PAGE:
Like Perkins, and Angus, with whom she was close friends, Henderson has simplified and flattened forms and washed the composition with a clear and even light. The emphasis is on the geometric design afforded by the scene, where straight lines are painted with the aid of a ruler and incidental details are left out. This distinctive style, associated with the Canterbury School of the 1930s, nods both towards international modernism and to contemporary commercial art.
As road freight overtook rail, the Addington Workshops declined until they were finally closed in 1990 and gradually demolished. But sixty years earlier, when Henderson painted them, the workshops were not just a major employer in the city – they represented a distinct culture of their own, fielding choirs and sports teams and holding gigantic annual picnics to which workers' families were invited. The long-demolished shed in which Henderson sketched the men at work stood adjacent to the site of the current railway station at Addington and behind the heritage water tower. All that's left of the workshops today is the water tower, built in concrete and steel in 1883, which now stands isolated in the car park at Tower Junction.
This article first appeared in The Press, 14 October 2014.
Arriving in Christchurch from Paris in 1925, having recently married a New Zealander, the young Louise Henderson (née Sauze) began teaching embroidery design at the Canterbury College School of Art in the following year. Painting was one way in which she began familiarising herself with a new environment. Befriending local artists, she also began to exhibit her work.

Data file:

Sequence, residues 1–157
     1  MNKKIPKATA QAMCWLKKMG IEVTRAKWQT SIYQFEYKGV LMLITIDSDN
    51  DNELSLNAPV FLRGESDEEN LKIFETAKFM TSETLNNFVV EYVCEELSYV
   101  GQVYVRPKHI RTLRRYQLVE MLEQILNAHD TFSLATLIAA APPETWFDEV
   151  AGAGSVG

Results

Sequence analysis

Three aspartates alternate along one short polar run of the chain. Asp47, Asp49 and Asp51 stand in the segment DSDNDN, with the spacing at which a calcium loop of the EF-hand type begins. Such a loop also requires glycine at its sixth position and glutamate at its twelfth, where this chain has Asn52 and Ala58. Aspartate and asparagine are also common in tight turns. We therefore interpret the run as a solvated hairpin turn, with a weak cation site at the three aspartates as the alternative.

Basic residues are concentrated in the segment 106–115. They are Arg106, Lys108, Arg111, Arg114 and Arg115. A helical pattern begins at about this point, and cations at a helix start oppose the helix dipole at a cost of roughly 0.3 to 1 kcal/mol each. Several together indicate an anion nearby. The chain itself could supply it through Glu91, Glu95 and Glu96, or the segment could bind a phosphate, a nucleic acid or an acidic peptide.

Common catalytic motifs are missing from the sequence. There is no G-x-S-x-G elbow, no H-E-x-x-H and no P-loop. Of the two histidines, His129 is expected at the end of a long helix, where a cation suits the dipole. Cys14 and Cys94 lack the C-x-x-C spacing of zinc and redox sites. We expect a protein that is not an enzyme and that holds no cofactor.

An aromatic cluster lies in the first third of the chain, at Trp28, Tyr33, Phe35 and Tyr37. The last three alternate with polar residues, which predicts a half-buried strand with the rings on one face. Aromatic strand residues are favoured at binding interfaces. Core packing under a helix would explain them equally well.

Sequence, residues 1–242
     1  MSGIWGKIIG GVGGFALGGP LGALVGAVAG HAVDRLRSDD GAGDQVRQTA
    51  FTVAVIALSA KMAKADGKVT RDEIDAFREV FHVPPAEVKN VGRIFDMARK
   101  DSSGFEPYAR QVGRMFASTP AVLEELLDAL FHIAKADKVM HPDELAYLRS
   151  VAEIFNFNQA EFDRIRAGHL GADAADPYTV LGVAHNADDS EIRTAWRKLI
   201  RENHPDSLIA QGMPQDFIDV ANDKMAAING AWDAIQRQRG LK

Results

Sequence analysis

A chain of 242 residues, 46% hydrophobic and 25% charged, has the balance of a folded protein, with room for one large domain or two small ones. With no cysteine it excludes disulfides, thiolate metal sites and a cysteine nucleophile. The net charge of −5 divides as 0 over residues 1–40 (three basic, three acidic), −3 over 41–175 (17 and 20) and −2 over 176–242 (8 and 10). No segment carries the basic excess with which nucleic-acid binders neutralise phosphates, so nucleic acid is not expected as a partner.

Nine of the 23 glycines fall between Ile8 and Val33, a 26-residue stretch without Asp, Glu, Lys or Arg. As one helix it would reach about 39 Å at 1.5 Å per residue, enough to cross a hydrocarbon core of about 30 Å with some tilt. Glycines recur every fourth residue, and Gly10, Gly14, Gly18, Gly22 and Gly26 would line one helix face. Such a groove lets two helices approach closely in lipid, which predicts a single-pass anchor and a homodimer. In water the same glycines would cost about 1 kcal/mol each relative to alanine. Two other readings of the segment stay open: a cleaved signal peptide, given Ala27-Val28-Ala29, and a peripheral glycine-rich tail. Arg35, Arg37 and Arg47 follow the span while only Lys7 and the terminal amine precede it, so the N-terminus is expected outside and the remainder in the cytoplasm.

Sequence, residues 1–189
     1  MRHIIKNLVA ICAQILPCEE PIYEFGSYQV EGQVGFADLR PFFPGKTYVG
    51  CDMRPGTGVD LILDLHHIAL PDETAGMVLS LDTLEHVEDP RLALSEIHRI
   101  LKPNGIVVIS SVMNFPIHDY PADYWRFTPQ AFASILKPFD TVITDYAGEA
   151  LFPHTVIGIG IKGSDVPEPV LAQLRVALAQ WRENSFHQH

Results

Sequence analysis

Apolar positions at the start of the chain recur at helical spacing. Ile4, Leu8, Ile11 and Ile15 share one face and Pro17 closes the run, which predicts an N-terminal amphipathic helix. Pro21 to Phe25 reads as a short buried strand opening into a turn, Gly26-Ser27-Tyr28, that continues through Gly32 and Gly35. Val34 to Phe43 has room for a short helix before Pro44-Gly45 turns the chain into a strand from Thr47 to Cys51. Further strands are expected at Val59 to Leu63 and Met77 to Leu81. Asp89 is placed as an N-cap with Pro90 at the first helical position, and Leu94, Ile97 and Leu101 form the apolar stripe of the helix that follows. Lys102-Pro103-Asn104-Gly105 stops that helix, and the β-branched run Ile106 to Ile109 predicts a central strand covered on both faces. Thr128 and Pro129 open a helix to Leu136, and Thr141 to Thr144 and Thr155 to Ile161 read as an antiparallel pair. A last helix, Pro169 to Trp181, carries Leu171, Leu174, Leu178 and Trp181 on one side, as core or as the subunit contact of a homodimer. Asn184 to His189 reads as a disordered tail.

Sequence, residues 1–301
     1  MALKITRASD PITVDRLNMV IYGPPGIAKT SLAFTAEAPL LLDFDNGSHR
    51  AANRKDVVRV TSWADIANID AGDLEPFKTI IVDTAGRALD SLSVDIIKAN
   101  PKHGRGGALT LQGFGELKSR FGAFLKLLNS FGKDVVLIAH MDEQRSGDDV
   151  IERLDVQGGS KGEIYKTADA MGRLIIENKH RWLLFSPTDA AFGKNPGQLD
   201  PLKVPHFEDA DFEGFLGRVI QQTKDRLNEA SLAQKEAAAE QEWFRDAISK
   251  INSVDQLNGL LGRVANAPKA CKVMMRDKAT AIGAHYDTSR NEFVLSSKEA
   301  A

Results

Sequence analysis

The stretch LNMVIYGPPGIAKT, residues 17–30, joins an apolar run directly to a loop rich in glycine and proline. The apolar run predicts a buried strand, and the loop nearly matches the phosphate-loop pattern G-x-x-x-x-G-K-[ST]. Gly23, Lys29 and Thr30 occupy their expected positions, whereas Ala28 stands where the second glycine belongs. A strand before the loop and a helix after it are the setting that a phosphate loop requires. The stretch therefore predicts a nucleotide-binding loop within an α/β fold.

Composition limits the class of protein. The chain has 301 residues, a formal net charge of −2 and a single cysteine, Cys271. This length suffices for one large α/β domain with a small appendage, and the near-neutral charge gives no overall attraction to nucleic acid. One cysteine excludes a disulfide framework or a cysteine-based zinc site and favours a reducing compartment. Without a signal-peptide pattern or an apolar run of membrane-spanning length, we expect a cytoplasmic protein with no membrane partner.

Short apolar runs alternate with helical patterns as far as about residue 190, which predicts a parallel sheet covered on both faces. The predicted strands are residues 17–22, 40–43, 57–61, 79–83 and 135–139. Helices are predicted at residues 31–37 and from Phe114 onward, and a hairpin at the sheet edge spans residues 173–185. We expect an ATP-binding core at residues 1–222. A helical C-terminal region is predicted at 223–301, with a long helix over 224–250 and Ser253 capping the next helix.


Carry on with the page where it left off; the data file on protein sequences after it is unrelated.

This painting proves Henderson’s innate ability with colour and ongoing interest in structural form. Picturing the vast railway carriage construction workshops in the suburb of Addington in Christchurch, this is one of very few New Zealand modernist paintings dealing with urban industry in this period.
(Above ground, 2015)
I go into the Gallery. Haven’t been there in a while. Building closed. It was open to begin with. Civil Defence HQ in the weeks following the shock that laid the city low and who knew glass could be so strong, so resilient? Then the Gallery closed. It was cordoned off, behind wire netting. Something was going on in there. Someone said something had cracked in the basement. Someone said they needed to insert a layer of bouncy forgiving rubber beneath glass and concrete, ready for any future slapdown.
City of Shadows and Stories
If cities are the ground into which we plant stories, the soil of Ōtautahi – later Christchurch – is undergoing a protracted tilling season. Five years is a long unsettlement in human terms; on a geological (or indeed narratological) scale, time moves more gradually. Christchurch exists today as a rich aggregation of narratives, propping up physical edifices of crumbling stone and cardboard.